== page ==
This bulldog was preserved by Anthony Eddy Wildlife Studio.
A friend of mine just lost her beloved boxer to cancer. Watching her adjust to life without her best buddy is a painful reminder that someday I will have to do the same with my own dog, Lulu. Saying goodbye to a pet can be heartbreaking.
But some pet owners simply cannot bear to say goodbye, opting instead to preserve dogs, cats — even lizards and rabbits — through a process that involves freeze-drying animals in lifelike poses. If you’re curious about how this works, there’s a reality show called “American Stuffers” on the Discovery Channel that explores pet preservation in graphic detail. While this time-consuming and expensive option isn’t for everyone, some consider it the only way to honor their pets. (If you're wondering, this process isn't simply pet taxidermy. Preservation is freeze-drying, which is much more expensive than taxidermy but leads to more realistic results, as you can see from the photo above.)
“Some animals are just so special to you,” said a South Carolina pet owner named Haylee, who wanted to have her cat preserved. “He’s been with me for 11 years. That’s a long time, so I said this is the least I can do for him.” (Haylee did not want to share her last name for this story.)
'I just want him back home'
Standing inside a South Carolina animal shelter one Halloween, Haylee instantly fell for the fluffy white feline with orange patches, naming him LA in honor of a potentially life-changing move that never came to be. For the next decade, he served as a constant companion, helping Haylee cope with broken relationships, moves and the occasional job change. When an injury to his paw worsened to the point that LA’s leg required amputation, Haylee prepared for the worst. Instead, LA bounced back the minute he got home.
“He ran around the house, still playing and wanting to jump up on things,” she said. “He was healthy and I was so happy for him.”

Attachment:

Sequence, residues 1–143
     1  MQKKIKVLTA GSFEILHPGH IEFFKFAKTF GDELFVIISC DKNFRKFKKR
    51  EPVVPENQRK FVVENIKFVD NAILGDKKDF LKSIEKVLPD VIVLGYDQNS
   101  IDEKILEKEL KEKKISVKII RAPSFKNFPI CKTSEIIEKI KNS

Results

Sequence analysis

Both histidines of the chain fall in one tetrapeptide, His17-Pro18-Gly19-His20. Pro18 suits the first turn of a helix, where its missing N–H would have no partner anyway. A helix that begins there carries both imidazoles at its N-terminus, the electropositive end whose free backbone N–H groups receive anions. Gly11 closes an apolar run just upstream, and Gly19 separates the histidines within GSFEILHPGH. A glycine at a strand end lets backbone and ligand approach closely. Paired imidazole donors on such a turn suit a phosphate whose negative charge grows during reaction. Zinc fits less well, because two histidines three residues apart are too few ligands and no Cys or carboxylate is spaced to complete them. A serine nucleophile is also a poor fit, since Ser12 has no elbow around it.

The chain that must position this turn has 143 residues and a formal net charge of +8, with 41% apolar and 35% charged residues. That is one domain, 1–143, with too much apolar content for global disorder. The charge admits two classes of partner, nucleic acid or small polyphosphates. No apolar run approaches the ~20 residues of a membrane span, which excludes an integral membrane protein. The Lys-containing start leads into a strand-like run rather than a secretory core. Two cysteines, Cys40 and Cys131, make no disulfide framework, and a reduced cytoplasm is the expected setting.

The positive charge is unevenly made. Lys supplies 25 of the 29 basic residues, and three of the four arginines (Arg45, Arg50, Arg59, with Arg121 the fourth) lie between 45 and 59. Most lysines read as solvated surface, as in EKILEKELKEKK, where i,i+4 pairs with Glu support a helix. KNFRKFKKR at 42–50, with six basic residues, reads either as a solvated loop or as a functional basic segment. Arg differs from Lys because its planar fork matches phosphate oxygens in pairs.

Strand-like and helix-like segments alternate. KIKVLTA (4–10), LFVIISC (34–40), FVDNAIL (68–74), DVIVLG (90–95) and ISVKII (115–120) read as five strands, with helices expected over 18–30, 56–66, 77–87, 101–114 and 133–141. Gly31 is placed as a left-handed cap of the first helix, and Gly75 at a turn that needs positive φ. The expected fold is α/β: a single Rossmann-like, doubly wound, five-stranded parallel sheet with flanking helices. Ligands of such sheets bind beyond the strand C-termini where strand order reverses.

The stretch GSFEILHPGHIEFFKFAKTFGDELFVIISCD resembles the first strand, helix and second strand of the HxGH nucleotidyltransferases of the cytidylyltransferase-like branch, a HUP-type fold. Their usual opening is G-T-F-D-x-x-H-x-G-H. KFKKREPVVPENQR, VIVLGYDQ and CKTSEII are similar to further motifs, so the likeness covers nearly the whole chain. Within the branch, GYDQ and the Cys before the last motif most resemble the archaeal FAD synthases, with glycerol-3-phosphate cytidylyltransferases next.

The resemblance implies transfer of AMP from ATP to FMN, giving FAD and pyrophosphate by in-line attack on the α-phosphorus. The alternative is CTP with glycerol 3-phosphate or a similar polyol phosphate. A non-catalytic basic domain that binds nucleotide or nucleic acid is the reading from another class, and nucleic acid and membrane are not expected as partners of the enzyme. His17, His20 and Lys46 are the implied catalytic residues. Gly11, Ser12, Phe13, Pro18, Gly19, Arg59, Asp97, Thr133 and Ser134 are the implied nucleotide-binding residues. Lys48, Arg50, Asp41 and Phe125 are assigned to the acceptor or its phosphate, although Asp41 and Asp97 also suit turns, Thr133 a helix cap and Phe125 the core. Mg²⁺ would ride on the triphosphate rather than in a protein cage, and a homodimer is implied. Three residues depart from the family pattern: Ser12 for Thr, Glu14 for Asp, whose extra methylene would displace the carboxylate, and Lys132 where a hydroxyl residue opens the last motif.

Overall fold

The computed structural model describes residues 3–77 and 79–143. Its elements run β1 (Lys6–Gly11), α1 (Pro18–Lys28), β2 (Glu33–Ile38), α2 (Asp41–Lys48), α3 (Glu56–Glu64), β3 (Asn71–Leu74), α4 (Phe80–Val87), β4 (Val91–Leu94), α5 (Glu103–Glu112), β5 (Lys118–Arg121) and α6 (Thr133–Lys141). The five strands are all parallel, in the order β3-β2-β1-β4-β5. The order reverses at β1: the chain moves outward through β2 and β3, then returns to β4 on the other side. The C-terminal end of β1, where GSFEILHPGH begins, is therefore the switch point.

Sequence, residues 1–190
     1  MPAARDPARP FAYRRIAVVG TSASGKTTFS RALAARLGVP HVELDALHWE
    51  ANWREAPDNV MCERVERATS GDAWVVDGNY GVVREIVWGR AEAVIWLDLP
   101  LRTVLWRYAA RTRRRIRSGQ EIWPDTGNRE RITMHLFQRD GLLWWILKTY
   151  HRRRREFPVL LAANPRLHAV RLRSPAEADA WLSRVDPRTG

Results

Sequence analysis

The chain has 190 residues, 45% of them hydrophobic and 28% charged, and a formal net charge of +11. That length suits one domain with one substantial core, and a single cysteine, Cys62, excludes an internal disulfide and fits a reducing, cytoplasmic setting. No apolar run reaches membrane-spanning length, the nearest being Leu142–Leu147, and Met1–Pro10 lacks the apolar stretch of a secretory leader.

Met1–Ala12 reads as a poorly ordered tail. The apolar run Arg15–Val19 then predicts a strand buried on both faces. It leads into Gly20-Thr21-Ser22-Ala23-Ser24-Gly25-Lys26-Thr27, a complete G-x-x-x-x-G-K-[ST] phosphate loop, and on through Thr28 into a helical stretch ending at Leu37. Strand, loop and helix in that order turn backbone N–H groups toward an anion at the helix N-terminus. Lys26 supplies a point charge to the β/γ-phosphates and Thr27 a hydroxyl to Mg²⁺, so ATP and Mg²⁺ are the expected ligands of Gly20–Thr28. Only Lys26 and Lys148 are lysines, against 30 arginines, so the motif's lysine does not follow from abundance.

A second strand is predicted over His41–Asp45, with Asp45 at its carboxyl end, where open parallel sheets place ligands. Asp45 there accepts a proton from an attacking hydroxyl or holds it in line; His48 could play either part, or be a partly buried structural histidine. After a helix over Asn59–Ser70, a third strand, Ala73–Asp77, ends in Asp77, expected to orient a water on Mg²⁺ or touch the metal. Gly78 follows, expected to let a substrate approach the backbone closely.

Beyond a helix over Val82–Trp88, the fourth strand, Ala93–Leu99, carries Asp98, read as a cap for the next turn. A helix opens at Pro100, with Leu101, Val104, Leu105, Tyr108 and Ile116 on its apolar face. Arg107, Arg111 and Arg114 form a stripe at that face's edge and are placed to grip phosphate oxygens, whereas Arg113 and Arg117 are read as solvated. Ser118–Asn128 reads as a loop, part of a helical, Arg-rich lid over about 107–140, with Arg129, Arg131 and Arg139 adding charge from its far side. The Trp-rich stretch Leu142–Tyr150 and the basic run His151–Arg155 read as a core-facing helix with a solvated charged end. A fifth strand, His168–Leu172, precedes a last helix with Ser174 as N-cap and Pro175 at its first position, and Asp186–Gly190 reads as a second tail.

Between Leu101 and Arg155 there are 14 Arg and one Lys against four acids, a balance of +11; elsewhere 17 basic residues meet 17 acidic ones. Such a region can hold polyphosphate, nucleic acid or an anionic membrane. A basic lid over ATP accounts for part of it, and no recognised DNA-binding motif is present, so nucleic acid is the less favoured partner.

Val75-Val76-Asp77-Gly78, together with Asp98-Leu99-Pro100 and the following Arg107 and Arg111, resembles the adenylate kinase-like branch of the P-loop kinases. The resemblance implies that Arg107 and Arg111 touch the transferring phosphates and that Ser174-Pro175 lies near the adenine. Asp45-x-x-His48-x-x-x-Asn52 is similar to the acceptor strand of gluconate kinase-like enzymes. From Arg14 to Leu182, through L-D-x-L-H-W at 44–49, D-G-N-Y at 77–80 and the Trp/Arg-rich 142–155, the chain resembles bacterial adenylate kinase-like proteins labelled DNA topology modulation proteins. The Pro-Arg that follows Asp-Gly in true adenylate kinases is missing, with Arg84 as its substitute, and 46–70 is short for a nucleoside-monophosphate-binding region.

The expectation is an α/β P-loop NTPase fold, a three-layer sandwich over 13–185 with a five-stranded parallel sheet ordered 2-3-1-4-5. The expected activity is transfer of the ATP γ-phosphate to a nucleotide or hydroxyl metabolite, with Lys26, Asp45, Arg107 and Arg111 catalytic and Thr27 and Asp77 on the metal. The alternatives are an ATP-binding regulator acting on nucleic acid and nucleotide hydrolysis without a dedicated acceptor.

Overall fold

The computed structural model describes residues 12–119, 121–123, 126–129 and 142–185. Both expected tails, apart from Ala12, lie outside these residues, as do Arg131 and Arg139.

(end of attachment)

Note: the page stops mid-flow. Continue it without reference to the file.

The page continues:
But that joy was short-lived. LA died of lung cancer a few months later, leaving Haylee wracked with guilt. She considered cremation and even selected an urn from a local company called Good Shepherd. While scanning the company’s website, Haylee saw information about pet preservation and realized it was a way to keep LA in her heart and her home. (That's LA above, before he succumbed to lung cancer.)
“I love him,” she said. “I just want him back home.”
It’s a slow, painstaking process
In a nondescript building on Main Street in Slater, Mo., Lessie Calvert spends much of her day speaking to grieving pet owners who call from as far away as Israel or Japan. As manager of Anthony Eddy Wildlife Studio, she has seen the 30-year-old business grow to accommodate a steady stream of pet owners.
Calvert begins by walking pet owners through the slow, painstaking preservation process. Freeze-drying removes moisture, much like a food dehydrator. Before pets enter the drying machines, Eddy’s team performs the grisly task of removing organs and as much fat as possible. Calvert said it takes about nine hours to prepare a 10-pound cat for the drying machine.
“You can’t just pose [pets] and put them in the machine; the fat content will ruin it,” she said. “It’s a lengthy procedure.”
That applies to the drying process as well. The larger the pet, the longer it takes. Freeze-drying a Chihuahua takes about five months, while a 50-pound dog can take 10 months to a year. LA passed away last April, and Haylee expects a yearlong wait for her furry companion. At one point, curiosity got the best of her and she requested a photo update from Good Shepherd.
“I’ll never forget that day,” she said. “I was terrified to open that email to see the picture.”
As soon as Haylee saw LA, she shut down her laptop.
“It was just too much,” she said. “But I just needed to see him. … I wanted to make to make sure that it was [LA] because I’m spending all this money on him. I wanted to make sure that was my cat.”
It’s an expensive option
Haylee is paying more than $1,200 to have LA preserved at Good Shepherd, which charges $995 for pets that weigh 10 pounds or less and $70 for each additional pound. While LA will be posed in a sleeping position, owners pay more for poses such as a raised head, which costs $340. At Anthony Eddy’s Missouri wildlife studio, preserving pets 10 pounds or less costs $850, and the rate increases by $40 for each additional pound. For example, the preservation of a 177-pound Alaskan Malamute cost its owner $7,530. Calvert said the company also has handled celebrity pets and a few show cats.
“So many people are hurting so bad, and when I lost my dog, I was heartbroken,” she said. “We’re providing a service to people. It took me five years to look at a dog without crying.”
As days turned into weeks and weeks turned into months, Haylee found it easier to look at that picture of her favorite cat without getting upset. Friends and family who don’t have pets simply cannot understand her decision to preserve LA, but Haylee considers it a small way to repay her friend.
— Morieka V. Johnson
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